Egyptian authorities have detained a man named Muhammad Jamal Abu Ahmad with United States assistance after he petitioned al-Qaeda to create a new branch in Egypt, and allegedly helped lead the September 11 attack on a U.S. consulate in Libya that killed four Americans.
According to Fox News, counterterrorism experts say Ahmad could be one of the biggest terrorist threats to emerge in the wake of the "Arab Spring." He was one of the many prisoners released from various Egyptian jails when former leader Hosni Mubarak was overthrown, and immediately went to work assembling his own terrorist network in Egypt and neighboring Libya.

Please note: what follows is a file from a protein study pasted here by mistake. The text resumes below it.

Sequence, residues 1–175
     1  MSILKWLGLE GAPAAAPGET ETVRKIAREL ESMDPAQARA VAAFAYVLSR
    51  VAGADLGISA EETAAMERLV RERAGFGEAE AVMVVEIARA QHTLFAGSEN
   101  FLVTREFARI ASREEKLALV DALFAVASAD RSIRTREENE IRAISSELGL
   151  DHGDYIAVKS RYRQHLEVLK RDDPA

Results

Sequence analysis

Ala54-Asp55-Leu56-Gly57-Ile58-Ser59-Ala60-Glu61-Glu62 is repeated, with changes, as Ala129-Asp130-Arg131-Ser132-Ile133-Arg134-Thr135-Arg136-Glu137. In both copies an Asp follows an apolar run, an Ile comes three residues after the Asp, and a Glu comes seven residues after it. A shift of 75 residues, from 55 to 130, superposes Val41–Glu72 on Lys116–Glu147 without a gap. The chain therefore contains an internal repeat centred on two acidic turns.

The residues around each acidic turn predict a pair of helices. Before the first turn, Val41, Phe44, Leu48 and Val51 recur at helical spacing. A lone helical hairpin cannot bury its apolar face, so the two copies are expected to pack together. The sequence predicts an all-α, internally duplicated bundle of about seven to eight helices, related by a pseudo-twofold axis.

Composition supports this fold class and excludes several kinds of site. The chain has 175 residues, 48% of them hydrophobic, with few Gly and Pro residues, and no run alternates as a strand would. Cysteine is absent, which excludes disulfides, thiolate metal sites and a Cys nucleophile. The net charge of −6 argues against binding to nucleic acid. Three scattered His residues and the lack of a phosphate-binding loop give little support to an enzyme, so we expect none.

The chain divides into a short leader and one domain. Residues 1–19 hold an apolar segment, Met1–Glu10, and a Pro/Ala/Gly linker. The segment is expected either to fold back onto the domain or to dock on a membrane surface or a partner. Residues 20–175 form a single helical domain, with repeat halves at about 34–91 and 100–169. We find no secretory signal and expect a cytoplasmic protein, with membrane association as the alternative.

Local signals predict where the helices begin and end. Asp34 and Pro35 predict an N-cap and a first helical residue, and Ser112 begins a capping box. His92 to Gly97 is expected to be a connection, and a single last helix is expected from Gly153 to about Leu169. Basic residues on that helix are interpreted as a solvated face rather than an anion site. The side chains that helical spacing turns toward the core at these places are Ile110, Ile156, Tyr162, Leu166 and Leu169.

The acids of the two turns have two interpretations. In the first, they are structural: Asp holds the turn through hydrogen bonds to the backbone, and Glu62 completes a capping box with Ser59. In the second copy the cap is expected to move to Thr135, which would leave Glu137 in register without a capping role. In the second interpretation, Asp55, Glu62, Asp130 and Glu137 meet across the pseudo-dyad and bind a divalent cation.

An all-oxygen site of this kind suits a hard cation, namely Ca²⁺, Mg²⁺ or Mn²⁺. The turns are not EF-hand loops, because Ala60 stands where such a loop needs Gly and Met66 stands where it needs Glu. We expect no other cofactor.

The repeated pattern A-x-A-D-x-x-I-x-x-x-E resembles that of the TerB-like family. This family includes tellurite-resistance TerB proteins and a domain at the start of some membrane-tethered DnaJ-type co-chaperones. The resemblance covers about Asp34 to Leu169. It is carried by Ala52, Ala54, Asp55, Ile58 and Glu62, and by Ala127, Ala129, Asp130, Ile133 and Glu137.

Officials believe he was receiving funding from al-Qaeda in Yemen, and the Wall Street Journal notes that the Benghazi attack would give Ahmad a "major boost...in their eyes."
The United States has not yet had access to Ahmad, according to reports, and it is unclear how he was captured.
Fox News adds:
Ahmad's capture is "strategically important" to the U.S., said Seth Jones, an al Qaeda specialist with the Rand Corp. think tank, because his network's alleged involvement in the Benghazi attacks showed his reach extended beyond Egypt, and more broadly into North Africa. His petitioning to become a new Al Qaeda branch suggested more international aspirations, U.S. officials said.
Ahmad's terrorist aspirations closer to home appear to have put him in Egyptian authorities' sights.